‘Rosewater’: Jon Stewart shows a flair for drama

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By Mary Houlihan/For Sun-Times Media

“Rosewater” isn’t the film you’d expect from Jon Stewart, the comedian who is the driving force behind the fake news program “The Daily Show.” Wouldn’t an irreverent comedy with satirical political overtones be more his style? Instead, Stewart has written and directed a serious film (with just the slightest hint of humor) that goes a long way toward emphasizing the danger journalists face when covering stories in foreign countries.

Stewart’s past film credits were supporting roles in less-than-memorable comedies. He brushes that all aside with “Rosewater,” his screenwriting and directing debut, based on the memoir (“Then They Came for Me”) that recounts Maziar Bahari’s 118 days in Iran’s notorious Evin Prison after reporting on the disputed 2009 presidential election in which Mahmoud Ahmadinejad faced reformist challenger Mir Hossein Mousavi.

On assignment for Newsweek, Iranian-Canadian journalist Bahari (Gael Garcia Bernal) leaves his pregnant wife, Paola (Claire Foy), and reunites with his mother (Shohreh Aghdashloo) in Tehran (filming was done in Jordan). Assisted by a new young friend Davood (Dimitri Leonidas), who zips him around town on his motorbike, he interviews people on both sides of the election but is drawn to the liberal-minded reformers who are eager for a change in the government leadership.

The lopsided election results suggest a rigged vote and the reformists, known as the Green Movement, take to the streets in a massive protest. A few days after the election, Bahari is taken into custody at his mother’s house. A humorous moment occurs as his soon-to-be interrogator (Kim Bodnia) rifles through his belongings, holding up DVDs of Pasolini’s film “Teorema,” “The Sopranos” and a Leonard Cohen album and accusing him of owning porn. Bahari objects but agrees that a magazine with a seductive Megan Fox on the cover just might be porn.

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Bahari is blindfolded and kept in solitary confinement. His filming of a protest that turned deadly is used against him, as is an obviously satirical interview he did for “The Daily Show,” in which he joked with Jason Jones about being a spy.  In Iran, it seems satire is no joke.

“Rosewater” is not an extravagant film filled with action and flag waving. Instead, Stewart keeps the drama intimate, focusing on the interaction between Bahari and his interrogator, skilled in psychological torture and nicknamed Rosewater for the aromatic cologne he wears. He accuses Bahari of having ties to the CIA, MI6 and Mossad and peppers him with absurd questions: How many Jews work at Newsweek? Why have you visited New Jersey? Who is this guy Anton Chekhov?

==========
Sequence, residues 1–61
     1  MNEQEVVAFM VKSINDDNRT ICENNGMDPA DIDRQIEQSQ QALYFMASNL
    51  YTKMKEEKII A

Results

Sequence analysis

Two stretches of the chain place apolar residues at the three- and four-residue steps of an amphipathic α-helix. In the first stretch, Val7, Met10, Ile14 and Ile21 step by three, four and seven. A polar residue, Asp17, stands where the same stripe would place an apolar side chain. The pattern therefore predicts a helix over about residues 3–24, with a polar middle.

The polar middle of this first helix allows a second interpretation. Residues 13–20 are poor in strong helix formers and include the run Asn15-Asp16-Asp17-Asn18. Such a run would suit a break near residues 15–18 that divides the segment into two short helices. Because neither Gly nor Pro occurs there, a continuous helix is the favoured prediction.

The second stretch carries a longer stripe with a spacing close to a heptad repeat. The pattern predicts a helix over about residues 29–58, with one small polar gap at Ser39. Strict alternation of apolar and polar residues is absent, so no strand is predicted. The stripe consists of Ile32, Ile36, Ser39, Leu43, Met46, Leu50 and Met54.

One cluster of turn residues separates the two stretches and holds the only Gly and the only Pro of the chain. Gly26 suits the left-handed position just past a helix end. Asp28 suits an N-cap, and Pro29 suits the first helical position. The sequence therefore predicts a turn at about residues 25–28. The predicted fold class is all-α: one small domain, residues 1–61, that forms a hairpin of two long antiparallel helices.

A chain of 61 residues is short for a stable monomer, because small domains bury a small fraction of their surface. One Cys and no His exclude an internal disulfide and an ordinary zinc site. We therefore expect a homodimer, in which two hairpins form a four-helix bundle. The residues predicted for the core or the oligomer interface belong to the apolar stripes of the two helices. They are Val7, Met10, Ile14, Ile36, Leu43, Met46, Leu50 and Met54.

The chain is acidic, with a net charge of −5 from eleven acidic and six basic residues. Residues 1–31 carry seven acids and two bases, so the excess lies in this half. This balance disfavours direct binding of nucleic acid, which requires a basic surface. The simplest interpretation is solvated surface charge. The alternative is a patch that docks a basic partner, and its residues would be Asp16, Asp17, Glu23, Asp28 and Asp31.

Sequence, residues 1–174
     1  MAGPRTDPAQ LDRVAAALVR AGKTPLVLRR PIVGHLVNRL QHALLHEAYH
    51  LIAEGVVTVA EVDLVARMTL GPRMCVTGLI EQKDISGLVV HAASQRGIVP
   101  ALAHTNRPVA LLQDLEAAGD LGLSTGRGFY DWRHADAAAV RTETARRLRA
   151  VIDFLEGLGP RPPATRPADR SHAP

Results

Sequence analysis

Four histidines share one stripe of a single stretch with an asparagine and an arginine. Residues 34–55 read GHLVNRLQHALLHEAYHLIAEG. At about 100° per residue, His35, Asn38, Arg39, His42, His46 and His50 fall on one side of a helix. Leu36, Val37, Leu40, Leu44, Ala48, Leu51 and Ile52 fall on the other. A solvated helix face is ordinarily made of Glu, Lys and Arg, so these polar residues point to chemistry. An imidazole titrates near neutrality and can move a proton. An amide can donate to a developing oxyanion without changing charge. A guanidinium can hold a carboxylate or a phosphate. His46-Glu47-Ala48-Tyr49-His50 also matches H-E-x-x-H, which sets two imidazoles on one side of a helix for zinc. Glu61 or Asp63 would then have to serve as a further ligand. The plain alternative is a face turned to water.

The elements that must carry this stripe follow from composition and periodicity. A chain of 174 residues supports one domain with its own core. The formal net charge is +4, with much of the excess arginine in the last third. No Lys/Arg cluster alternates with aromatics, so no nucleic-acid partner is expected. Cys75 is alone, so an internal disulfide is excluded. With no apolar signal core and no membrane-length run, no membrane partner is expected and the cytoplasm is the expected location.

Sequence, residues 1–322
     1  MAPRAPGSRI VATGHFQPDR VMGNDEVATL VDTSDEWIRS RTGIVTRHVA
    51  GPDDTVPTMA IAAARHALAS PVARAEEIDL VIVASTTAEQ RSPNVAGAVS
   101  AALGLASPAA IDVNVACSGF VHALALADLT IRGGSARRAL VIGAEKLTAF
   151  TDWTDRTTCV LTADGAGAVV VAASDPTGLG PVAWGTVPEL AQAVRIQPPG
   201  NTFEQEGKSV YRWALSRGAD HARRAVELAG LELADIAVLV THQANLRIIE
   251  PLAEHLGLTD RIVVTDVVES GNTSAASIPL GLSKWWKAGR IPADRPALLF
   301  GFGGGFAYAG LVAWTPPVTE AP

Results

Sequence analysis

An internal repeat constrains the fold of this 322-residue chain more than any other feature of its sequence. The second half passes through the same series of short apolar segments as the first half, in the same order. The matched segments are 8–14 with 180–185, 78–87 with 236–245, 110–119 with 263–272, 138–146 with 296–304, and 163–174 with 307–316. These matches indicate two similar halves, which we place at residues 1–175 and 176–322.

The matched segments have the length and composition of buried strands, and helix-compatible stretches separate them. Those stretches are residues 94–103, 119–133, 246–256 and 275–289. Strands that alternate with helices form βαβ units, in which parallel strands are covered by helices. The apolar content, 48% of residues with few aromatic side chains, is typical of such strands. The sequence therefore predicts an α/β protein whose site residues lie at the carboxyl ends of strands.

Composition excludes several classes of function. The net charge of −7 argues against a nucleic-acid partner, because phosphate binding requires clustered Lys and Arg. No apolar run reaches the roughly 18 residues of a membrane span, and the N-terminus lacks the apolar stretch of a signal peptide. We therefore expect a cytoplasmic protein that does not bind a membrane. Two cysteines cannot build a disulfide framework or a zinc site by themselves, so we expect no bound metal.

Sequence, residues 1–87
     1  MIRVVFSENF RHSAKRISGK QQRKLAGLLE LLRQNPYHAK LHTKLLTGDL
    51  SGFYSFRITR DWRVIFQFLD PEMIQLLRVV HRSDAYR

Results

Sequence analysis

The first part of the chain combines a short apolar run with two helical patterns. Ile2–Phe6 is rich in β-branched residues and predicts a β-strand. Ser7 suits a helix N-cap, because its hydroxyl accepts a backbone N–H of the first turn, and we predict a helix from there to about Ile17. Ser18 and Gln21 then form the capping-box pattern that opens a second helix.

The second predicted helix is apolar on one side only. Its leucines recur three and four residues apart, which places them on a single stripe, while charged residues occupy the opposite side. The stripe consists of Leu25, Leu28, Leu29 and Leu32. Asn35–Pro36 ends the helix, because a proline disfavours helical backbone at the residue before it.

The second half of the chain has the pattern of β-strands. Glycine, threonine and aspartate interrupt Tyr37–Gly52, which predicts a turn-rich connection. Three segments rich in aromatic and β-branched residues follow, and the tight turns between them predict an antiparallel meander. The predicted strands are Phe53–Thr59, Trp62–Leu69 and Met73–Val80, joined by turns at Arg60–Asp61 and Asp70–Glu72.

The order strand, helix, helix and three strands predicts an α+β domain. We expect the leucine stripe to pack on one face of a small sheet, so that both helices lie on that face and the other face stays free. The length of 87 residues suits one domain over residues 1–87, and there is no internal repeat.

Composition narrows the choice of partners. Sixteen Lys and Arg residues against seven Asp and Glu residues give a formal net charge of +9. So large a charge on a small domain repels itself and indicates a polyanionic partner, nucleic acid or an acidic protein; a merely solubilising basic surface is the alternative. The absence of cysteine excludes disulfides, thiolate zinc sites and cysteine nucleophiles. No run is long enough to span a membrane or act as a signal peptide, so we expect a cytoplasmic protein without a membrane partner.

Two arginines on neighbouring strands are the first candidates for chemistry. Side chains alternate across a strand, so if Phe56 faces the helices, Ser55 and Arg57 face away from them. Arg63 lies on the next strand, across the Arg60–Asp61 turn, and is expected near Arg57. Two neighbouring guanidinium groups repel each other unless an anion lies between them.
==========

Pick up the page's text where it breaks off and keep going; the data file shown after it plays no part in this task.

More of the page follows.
The problem here is that it’s hard to hold the tension when the result of Bahari’s story is already known. Stewart instead builds the story around Bahari’s slowly despairing state of mind. (He’s visited and offered advice by his dead father, who was imprisoned during the Shah’s regime for being a Communist.) Bahari eventually plays his own mind games with his interrogator and, in one memorable, life-affirming scene, he dances alone in his cell to the remembered strains of Cohen’s “Dance Me to the End of Love” as his puzzled captor watches via video.

Bernal gives a powerful performance, creating a character burning with a suppressed rage who struggles with his own sanity amidst all the crushing manipulation. Bodnia plays Rosewater as a menacing thug but also manages to humanize the character in convincing ways.

With “Rosewater,” Stewart proves he can pull back from the satirical comedy and become a thoughtful, incisive and questioning filmmaker. Through telling Bahari’s story, he also brings attention to the plight of the Iranian people who for at least a moment glimpsed the power of hope and the effect it had on their country.

[s3r star=3/4]

Open Road presents a film written and directed by Jon Stewart, based on “Then They Came for Me: A Family’s Story of Love, Captivity, and Survival,” by Maziar Bahari. Running time: 103 minutes. Rated R (for language including some crude references, and violent content). Opens Friday at local theaters.

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